I was lucky enough to go to Game 3 of the NLCS last night.
My father-in-law texted me on Saturday, told me that he had an extra ticket, and thus ended my ability to ever complain about my in-laws.
As far as a normal baseball game goes, the game itself was pretty nondescript. The Dodgers hit a couple of homers and the Cubs couldn’t score, which reminds me of, nevermind. But of course, this was not a normal baseball game. This was the Dodgers, who haven’t been ahead in an NLCS since ’88 and the Cubs, who need no further explaining as to their plight.
If you’re reading this, you already know that the Dodgers won, but to give you an idea of the stakes going into the game, the Dodgers were a roughly 2 to 1 underdog to win the series going in and are now roughly a 3 to 2 favorite to win the series after Game 3. Everybody in the stadium last night knew it was a big game. Not to mention that the Cubs were throwing Arrieta out there, someone who no-hit the Dodgers last season. By the way, class move by the Dodgers to send him the mound
from that game.
What I will remember from the game, other than the excitement I felt when the Dodgers pulled ahead and then got those home runs from Grandal and Turner, was how depressed the Cubs fans got. Aside from this one crazy drunk Cubs fan a few rows away from me, the Cubs fans were a nice bunch. They high-fived each other and smiled when Arrieta got out of a couple early jams, but other than that, they were pretty mild mannered.
No, I remember thinking that whoever scored first was going to win the game. Not because of bullpens or any reasons related to the players on the field, but because of the sense of dread that so quickly embodies both sets of fans when the you know what starts hitting the fan.
When the Cubs had second and third with one out after a passed ball in the second inning, every Dodgers fan was completely silent. And I mean silent, like Rudy Giuliani getting stumped by Chuck Todd silent. Rich Hill got the Dodgers out of the inning and then in the 3rd, the tables turned on the Cubs. Corey Seager singled in a run and the Cubs fans went silent. The next inning the Cubs went down in order and in the bottom half of the inning, Grandal hit a two-run blast to make it 3-0 and that was the last we heard from the Cubs and their fans for the entire night (except for the crazy drunk fan, who was in a Soler t-shirt for some odd reason).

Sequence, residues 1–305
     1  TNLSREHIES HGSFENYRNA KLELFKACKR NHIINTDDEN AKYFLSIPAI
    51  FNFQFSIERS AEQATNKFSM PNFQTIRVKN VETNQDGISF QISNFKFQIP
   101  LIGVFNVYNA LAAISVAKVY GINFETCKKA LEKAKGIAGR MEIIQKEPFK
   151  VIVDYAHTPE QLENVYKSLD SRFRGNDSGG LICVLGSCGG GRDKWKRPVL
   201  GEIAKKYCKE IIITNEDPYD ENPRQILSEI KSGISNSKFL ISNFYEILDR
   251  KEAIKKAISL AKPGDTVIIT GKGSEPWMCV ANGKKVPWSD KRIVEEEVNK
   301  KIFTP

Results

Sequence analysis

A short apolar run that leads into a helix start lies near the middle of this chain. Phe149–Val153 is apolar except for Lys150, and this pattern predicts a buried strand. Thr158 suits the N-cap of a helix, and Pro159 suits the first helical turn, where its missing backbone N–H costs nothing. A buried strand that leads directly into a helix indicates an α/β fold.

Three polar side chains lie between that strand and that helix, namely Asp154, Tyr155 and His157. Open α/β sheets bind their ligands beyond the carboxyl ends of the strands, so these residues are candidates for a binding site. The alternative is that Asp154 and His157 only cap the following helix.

Those poor Cubs fans. There was this married couple sitting in front of me looked to be in their late-30s. They were in Cubs garb and couldn’t have been nicer. After the husband returned from the concession stands with two beers and I pretended one of them was for me by sticking my hand out and thanking him, he actually offered me some of his peanuts. This poor soul though, let me tell you. He was distraught. From the fourth inning on, he just sat there looking despondent. His wife rubbed his back as she tried to literally throw some good mojo out there to her Cubbies and you couldn’t have felt worse for them. Obviously I was dying for the Dodgers to win, but I didn’t want this couple to have to go through what they were going through. The thing is, you couldn’t help but feel that the dread oozing out of them was rubbing off on the Cubs.
I’ve been in that state. The Dodgers, ever since ’88, have given us nothing but heartache. And believe me, I don’t want to jinx it now, but something just feels different as a Dodgers fan this year. Maybe it’s because so much has gone wrong with the injury-plagued season that expectations were lessened. Maybe it’s because Dave Roberts has experience lifting up a depressed franchise, albeit one with an unapologetically annoying fan base in Red Sox nation. Maybe it’s because we have guys like Kershaw and Adrian Gonzalez leading this team, two veterans who are professionals in every sense of the word. Maybe it’s because this team looks like it actually enjoys playing together. I don’t know what it is, but something feels different. I have confidence going into Game 4 despite a 20-year old on the mound. I can feel it. Unless we give up the first run.